Last week, in the early-morning hours, the Rubicon Project’s brand protection technology flagged an anomaly among a handful of the tens of thousands of ad tags we manage. After blocking those suspect tags to make sure they wouldn’t be permitted to serve on any sites, our analysis showed that they contained unusual code and would, under the right conditions, attempt to download Windows executable files — that is, not just images or animations or videos, but actual software programs.
Why would a display ad try to download a software program? Because it was being used as a vehicle for malicious advertising, or “malvertising,” which distributes dangerous software known as malware via an otherwise standard looking ad banner. But before the malicious ads could achieve their goal, REVV’s SiteScout malware protection technology prevented this malvertising attack from serving hundreds of thousands of impressions across more than 150 Websites while we got to the root of the issue.
Back to the story at hand: over the following days, SiteScout kept the affected ad tags — and indeed all ad tags from the affected ad network — in a quarantined state and continued its monitoring as more than three dozen of the tags began showing signs of infection. Some malvertising makes its presence obvious by popping up scary announcements proclaiming “Your computer is infected!” and demanding money for bogus “security” software. But this malware was invisible. Still, in our controlled malware-analysis environments, we could see it quietly worming its way onto machines. An ad would reach out to a server on a domain in India, download software that would superficially masquerade as an update to an Adobe product, and entrench itself on a target system.
So why do malware authors do this nasty stuff? Because if they can sneak a bit of unwanted code onto a computer, they can turn that computer into a virtual cash machine. In effect, the malware authors plant moles in PCs around the world. Their code can then do their bidding, whatever that may be on a given day, and users might never even be aware it’s there. Maybe the malware authors intend enlist the computers in a botnet that they can rent out to send spam or attack Web sites and extort ransom money to stop. Maybe their mothers didn’t give them enough positive reinforcement. Who knows — the possibilities are endless.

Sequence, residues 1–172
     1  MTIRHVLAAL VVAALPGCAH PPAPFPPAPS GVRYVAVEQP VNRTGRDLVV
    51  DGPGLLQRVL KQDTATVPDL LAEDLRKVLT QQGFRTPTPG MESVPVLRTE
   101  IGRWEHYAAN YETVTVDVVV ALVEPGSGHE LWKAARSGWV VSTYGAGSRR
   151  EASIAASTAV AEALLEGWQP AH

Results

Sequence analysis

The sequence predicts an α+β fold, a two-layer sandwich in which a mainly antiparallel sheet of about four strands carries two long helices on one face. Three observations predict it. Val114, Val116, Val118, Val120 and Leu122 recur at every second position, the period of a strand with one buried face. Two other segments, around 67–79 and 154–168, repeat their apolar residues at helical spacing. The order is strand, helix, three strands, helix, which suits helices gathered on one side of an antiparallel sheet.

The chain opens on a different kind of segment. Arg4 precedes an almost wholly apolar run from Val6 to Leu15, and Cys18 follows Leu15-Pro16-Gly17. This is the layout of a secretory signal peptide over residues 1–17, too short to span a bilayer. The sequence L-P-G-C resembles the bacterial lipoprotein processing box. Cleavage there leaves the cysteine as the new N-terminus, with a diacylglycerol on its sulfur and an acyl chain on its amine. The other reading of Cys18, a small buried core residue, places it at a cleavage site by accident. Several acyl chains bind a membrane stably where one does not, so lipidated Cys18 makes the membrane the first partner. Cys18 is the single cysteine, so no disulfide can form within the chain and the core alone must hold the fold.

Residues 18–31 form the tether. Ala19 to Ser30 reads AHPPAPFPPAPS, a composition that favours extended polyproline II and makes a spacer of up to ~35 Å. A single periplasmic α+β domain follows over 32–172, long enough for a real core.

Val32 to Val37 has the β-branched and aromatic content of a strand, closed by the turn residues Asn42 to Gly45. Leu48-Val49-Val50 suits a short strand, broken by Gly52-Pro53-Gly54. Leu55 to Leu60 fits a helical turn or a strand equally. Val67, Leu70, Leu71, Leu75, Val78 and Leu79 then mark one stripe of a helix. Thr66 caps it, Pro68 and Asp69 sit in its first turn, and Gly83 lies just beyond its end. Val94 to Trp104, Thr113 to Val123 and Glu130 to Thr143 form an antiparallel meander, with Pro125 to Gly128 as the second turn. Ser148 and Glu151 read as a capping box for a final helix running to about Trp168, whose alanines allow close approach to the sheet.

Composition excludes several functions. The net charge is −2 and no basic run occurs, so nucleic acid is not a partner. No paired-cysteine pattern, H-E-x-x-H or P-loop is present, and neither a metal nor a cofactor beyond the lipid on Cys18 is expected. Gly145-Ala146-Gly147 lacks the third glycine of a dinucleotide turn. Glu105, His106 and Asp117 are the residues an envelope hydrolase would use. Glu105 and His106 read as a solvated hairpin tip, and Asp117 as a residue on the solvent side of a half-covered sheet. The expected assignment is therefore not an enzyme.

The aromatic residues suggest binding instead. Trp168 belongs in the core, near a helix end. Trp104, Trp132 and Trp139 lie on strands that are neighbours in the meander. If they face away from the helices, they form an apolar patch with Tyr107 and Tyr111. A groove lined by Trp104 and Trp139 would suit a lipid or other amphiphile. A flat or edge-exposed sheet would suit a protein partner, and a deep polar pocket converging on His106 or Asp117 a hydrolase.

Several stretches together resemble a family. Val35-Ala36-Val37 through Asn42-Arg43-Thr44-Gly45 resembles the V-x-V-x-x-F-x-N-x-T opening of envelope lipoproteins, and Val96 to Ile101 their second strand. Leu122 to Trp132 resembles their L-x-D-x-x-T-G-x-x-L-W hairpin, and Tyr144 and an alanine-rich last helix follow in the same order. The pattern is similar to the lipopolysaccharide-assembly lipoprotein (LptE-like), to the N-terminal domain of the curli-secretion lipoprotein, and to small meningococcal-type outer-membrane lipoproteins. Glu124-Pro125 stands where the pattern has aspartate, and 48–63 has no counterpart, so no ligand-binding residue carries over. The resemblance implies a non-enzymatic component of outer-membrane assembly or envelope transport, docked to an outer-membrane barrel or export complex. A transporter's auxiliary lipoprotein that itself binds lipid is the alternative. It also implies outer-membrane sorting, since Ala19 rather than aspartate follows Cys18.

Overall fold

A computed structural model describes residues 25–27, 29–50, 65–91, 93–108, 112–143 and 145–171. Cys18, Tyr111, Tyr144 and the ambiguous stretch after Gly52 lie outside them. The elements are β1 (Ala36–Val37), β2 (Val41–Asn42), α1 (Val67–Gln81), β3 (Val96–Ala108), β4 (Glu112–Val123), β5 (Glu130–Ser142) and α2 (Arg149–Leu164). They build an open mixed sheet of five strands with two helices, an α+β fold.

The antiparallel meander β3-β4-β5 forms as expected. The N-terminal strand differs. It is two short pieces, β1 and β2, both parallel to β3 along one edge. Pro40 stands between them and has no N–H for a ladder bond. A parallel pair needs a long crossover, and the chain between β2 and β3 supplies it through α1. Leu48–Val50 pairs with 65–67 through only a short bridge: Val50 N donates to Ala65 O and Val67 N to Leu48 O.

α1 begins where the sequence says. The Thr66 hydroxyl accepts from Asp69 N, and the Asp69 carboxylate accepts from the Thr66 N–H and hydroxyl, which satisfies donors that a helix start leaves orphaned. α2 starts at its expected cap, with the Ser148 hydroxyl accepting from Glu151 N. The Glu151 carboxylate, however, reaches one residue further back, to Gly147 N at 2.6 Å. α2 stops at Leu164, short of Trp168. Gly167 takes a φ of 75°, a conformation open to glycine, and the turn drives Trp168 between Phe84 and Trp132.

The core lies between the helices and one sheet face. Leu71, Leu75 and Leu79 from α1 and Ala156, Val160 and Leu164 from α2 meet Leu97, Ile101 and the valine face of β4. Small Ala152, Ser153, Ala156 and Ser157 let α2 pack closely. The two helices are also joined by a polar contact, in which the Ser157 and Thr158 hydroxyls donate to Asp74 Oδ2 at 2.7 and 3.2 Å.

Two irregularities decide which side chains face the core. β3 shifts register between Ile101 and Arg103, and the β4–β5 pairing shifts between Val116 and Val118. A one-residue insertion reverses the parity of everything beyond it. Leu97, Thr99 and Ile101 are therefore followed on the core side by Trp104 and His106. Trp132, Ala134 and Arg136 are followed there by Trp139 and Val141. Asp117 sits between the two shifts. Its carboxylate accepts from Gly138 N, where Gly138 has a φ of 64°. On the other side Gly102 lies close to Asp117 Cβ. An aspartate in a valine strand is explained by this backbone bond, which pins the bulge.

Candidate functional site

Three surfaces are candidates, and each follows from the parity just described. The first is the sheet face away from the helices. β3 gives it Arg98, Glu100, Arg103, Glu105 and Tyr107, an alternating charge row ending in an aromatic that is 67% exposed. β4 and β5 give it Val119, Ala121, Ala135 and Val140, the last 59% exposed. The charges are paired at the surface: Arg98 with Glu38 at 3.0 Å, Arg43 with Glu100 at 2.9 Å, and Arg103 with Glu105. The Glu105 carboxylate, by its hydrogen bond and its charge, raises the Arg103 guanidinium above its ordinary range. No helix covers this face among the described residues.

Here’s where it gets really scary. Neither the ad network nor the advertiser itself was acting maliciously. Instead, the ad network’s own servers had been hacked; the advertiser had no idea their otherwise high-quality ad creative had been hijacked. The malware authors managed to insert their unwanted code into ad tags, doubtless expecting that those tags would then serve on a wide swath of high-traffic Web sites. Except that SiteScout disabled the tags to prevent them from appearing on sites that rely on the REVV for publishers platform. Evildoers, foiled again.
How does an ad ops staff proactively monitor tens of thousands of tags running worldwide on a 24-by-7 basis for signs of invisible malware infections? They can’t. But with REVV, the first line of defense comes not from people but from our industrial-scale automated brand protection technology. It wasn’t people but technology that found those attacks in the middle of the night, because REVV has hundreds of machines continuously assessing tens of thousands of ad tags. Our platform performs upward of a million scans daily from dozens of geographic locations, and our technology carefully sifts the resulting data to identify any anomalous behavior — which in this case we observed from six locations in three countries (via our proxy system, which monitors traffic around the globe). When the automated system finds a suspect tag, it immediately shuts it off and shifts traffic to other tags, making sure that publishers continue to generate maximum revenue while remaining protected from threats. And when an incident occurs, REVV continues to monitor those disabled tags and our team works with affected ad networks to ensure that the problem gets corrected.
Although this incident was about malvertising, malicious ads are just one of the ad quality issues that our brand protection systems watch for on a continuous, automated basis. The systems also detect undesired behaviors like auto-play audio and unauthorized pop-ups — far more common than actual malvertising outbreaks, but still something that many publishers understandably object to and have set controls to prevent. And our creative harvesting systems, helix & VANTAGE, feed our crowd-sourced ad-classification engine, AdCheq, which identifies issues like potential channel conflicts and ad-quality guideline violations. We’re continually improving all these capabilities so REVV delivers a comprehensive, multi-layered approach to protecting publishers’ reputations, direct sales channels and the user experiences on their sites. I welcome feedback on what we can do to make them even better.